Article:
Oh no, not again I hear you cry. Some of what appeared in a blog post of 2011, but will be new for many. And anyway, I want Boulton and his contribution to coinage to have a place in my collection of blog posts … and in my own style. I’m not out to re-invent the wheel. Mr Google provides comprehensive information for those who wish to check. Let me Google that for you. Just click HERE and HERE.
The Father of Birmingham – 1723-1809
Anyone who has ever experienced the shrill tones of a copper cartwheel coin in their headphones may have heard the name of Matthew Boulton. Today, we take for granted that coins will fit into machines and be recognised, but before Boulton it couldn’t be done.
In the years leading to up to 1797 there was a shortage of copper and counterfeiting was rife. The Royal Mint was producing little low-value copper coinage and there was a boom in private tokens issued by companies across Britain. Many detectorists will be aware of the ‘token explosion’ at this time because they are a common find. Some of them are quite sophisticated in their imagery.
All this came to an abrupt end when Boulton was commissioned, by the government in 1797, to start producing copper coins. One of the amazing things about the issue of these George III coins was that they rendered tokens almost obsolete overnight. The coins were designed by a German engraver, Conrad Heinrich Kuchler, and it’s the first time that the figure of Britannia was shown holding a trident rather than a spear. Britain was blockading the Continent at the time and Rule Britannia was very popular!
The coins are known as ‘cartwheels’ because of their large size and raised rims. The reason they were so large was because the weight of the coin was equal to the value of the copper content; the penny weighed one ounce and the two pence, two ounces. The penny is 3.7 centimetres in diameter and the two pence 4.06.
The coins were struck using coin presses powered by steam, yet another ‘first’. Between the years 1797-99 about 45 million pennies and two penny pieces were produced at the Soho Mint in Birmingham, which Boulton had established in 1788. ALL the coins bear the date 1797, even though they were still being minted a couple of years later. Soho House is now a museum and parts of the old foundry still survive.
During his lifetime Matthew Boulton was a world-famous figure, but since the 20th century his name has been largely overshadowed by that of his business partner, James Watt. The contribution to the creation of reliable British coinage was arguably his most significant legacy. After his death in 1809, James Watt wrote:
Had Mr Boulton done nothing more in the world than what he has done in improving the coinage, his fame would have deserved to be immortalised
I am pleased to report that in 2014 Matthew Boulton, one of the most important figures of the early Industrial Revolution, was honoured with a memorial in Westminster Abbey. He was a man of wide-ranging talents: silversmith, button and buckle manufacturer, steam engineer, coin minter, entrepreneur, Fellow of the Royal Society and one of the founder members of the famous Lunar Society of Birmingham. Read more in this BBC report.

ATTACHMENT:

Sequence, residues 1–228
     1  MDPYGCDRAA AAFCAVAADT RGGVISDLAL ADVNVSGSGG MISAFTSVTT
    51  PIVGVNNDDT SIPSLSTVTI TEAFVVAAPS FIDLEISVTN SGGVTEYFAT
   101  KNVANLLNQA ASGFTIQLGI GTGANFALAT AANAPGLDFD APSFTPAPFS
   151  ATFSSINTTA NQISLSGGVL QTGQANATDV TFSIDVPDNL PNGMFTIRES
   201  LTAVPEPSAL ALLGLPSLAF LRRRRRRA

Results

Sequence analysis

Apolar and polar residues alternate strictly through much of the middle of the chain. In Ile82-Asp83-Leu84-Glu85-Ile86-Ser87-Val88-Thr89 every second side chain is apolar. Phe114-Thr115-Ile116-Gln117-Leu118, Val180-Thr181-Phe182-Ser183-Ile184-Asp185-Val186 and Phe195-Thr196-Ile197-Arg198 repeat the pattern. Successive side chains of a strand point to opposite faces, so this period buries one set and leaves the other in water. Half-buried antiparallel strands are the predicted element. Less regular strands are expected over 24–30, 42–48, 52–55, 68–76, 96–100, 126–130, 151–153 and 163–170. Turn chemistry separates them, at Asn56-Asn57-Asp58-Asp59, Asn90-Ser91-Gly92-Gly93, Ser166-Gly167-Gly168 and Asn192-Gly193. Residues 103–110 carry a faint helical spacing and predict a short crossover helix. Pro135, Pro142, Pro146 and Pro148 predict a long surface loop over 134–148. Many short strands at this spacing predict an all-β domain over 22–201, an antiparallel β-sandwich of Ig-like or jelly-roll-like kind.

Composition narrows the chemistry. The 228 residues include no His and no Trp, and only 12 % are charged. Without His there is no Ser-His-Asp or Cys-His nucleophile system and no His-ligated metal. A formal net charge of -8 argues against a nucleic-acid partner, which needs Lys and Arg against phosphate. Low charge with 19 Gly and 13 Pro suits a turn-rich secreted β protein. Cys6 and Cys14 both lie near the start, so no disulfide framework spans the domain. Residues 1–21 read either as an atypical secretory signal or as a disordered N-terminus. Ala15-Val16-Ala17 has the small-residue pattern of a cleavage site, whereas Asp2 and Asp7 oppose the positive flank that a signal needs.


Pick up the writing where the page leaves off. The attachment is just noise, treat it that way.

A Forged Cartwheel Coin
You may find it strange that copper coins were forged. Because this blog is all about Boulton, I’ve chosen one of my forged cartwheel pennies to show you. They were well-designed and difficult to counterfeit … and this attempt proves that!
Not very convincing, eh? Not even copper, but a lead composite, but you’d get away offering it in a busy bar on a Saturday night. Boulton’s Soho Mint struck coins for the East India Company, Sierra Leone and Russia, while producing high-quality planchets, or blank coins, to be struck by national mints elsewhere. For example, the firm sent over 20 million blanks to Philadelphia, to be struck into cents and half-cents by the United States Mint. So, there you have an American connection.
METAL DETECTING TALES
How wrong can you be? I never thought that my last post, when I asked you to write the first paragraph of a ‘detecting story’, would be so popular. I’d like to thank ALL of you who took part. I was pleasantly surprised with the quality of the writing.
I intimated at the time that I might award a little prize and after some deliberation have decided that the effort by Scotty was the one who deserved the accolade. Here’s a reminder of his submission:
Sex after today’s detecting session was better than finding the lost Roman Legion’s final resting place. She turned to me, hair drenched, puckered lips a voluptuous rosy red and lovingly whispered, ‘more, more.’ I kissed her passionately, but had to come clean and confess. ‘I can’t my darling; I forgot to charge the batteries …’